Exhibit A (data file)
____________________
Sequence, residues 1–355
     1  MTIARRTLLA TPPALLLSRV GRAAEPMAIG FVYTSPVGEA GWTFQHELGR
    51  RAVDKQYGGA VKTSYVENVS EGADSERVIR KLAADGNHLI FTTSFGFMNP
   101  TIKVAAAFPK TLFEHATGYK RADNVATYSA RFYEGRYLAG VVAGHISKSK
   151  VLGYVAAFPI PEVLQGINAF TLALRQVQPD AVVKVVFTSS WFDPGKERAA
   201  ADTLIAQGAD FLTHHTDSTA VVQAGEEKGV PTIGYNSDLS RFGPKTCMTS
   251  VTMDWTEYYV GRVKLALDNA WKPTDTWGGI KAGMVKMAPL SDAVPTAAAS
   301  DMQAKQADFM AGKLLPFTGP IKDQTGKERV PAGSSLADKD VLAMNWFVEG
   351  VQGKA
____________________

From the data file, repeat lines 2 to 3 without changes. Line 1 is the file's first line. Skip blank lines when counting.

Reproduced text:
     1  MTIARRTLLA TPPALLLSRV GRAAEPMAIG FVYTSPVGEA GWTFQHELGR
    51  RAVDKQYGGA VKTSYVENVS EGADSERVIR KLAADGNHLI FTTSFGFMNP